Interview with Dr Estelle Lazer on her latest research in Pompeii

Mar 15th, 2019 | Dr Estelle Lazer

Casting aspersions: Modern medical technology meets classical archaeology Some three decades ago, Australian archaeologist Dr Estelle Lazer gained international attention by taking a rigorous, scientific approach to the human remains at Pompeii. More than any other aspect of the site, the skeletons of victims of the AD79 eruption of Mount Vesuvius have piqued our interest. ...

Yarra Valley to Bendigo – in photos

Mar 1st, 2019 | Dr Nick Gordon

Do you remember that ad that Victorian Tourism used to run before every film at independent cinemas? “You’ll love every piece of Victoria” was a marketing campaign that spoke to something observable about Victoria. It is a relatively small state, with diverse landscapes packed in between relatively short driving distances, with excellent museums and galleries ...

China: New and Old

Feb 14th, 2019 | Ben Churcher

Truly, you have to see modern China to believe it. The scale of the change across this large nation literally takes your breath away. A few years ago I caught the high speed train from Shanghai to Beijing. As I sat there in whisper quiet comfort, I mused on the never-ending debate on high speed rail in Australia and all the arguments about the economies of scale. As I thought, we passed the maintenance area for the high speed trains outside Shanghai. Now, you can expect a place to have one or two trains, or even a handful to handle the needs of timetabling, but in this yard there must have been fifty sleek, high-speed trains with all their carriages waiting for their orders. This wonderment at the scale of China is the same everywhere: everything you’ve ever imagined, but more. While still thinking about trains, you can catch a high speed train from Beijing to Urumqi in western Xinjiang province. It covers a distance of some 3,000 km and takes around 30 hours (you can book a ‘standing’ ticket should you wish!). This is impressive enough, but for most of this route the train is on an elevated viaduct supported by massive concrete pillars. It is awe-inspiring to see this structure snake its way across the lower Gobi Desert with modernity elevated above the denizens of the desert scratching out a living below. Whether it is wind farms that stretch for so long that you get bored looking at the turbines as you whizz past in a bus at 100 km/hr, or freeways that plunge into great tunnels in mountainsides, or bright, shiny new cities where before there was nothing; the immensity of China is staggering; particularly for we low-density Australians....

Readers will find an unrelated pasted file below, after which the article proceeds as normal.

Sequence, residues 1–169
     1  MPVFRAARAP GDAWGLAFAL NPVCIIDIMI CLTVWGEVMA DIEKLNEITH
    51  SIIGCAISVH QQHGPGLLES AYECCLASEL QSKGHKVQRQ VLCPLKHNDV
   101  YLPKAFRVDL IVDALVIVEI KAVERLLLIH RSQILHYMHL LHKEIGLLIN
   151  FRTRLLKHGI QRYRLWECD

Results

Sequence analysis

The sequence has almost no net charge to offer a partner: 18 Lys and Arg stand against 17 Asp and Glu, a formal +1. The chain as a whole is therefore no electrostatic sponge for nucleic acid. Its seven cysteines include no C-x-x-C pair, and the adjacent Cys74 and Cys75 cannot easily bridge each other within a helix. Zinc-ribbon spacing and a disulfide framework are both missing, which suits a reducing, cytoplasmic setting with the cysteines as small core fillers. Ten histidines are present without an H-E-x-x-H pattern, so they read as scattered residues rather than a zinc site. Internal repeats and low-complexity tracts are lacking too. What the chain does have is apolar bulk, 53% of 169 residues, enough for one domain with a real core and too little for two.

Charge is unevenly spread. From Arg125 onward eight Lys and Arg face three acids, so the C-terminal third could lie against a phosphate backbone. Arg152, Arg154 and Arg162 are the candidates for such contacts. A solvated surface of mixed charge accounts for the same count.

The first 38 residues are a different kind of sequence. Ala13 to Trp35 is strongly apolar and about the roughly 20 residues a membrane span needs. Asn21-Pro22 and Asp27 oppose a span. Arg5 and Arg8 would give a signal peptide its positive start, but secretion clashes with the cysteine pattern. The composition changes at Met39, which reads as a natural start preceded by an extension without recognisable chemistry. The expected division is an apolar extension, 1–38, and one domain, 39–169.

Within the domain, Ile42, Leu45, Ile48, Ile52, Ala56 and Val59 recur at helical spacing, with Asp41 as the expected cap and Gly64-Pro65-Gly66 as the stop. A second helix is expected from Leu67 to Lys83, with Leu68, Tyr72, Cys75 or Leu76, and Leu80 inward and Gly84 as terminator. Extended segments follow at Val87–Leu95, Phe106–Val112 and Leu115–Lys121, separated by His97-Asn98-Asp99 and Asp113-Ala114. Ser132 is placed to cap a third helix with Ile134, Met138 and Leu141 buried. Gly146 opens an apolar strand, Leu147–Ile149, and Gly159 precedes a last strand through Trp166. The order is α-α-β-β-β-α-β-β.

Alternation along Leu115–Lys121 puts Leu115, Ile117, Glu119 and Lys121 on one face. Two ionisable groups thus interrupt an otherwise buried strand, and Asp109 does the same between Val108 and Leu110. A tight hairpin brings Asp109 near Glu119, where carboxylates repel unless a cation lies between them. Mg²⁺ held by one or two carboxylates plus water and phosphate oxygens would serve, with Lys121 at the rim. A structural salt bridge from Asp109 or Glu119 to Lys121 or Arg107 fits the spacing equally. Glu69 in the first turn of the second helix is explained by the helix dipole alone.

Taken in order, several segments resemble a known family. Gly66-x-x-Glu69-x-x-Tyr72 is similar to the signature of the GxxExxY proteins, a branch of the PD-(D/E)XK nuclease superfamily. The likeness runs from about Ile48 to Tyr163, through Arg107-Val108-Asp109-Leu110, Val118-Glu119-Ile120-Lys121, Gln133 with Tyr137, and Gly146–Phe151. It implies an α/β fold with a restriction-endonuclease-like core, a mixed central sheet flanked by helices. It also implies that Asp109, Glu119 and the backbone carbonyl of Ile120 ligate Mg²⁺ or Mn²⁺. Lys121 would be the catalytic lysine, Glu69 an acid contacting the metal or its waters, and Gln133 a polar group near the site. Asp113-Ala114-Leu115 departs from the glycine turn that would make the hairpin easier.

Pre-Raphaelite Treasures in London and Canberra

Feb 1st, 2019 | Dr Michael Adcock

With the simultaneous opening of the exhibition Edward Burne-Jones. ...

The Master of Light – Joaquín Bastida I Sorolla

Jan 18th, 2019 | Elena Ortega

In 2009 the El Prado museum in Madrid broke a 10-year record in attendance, ...


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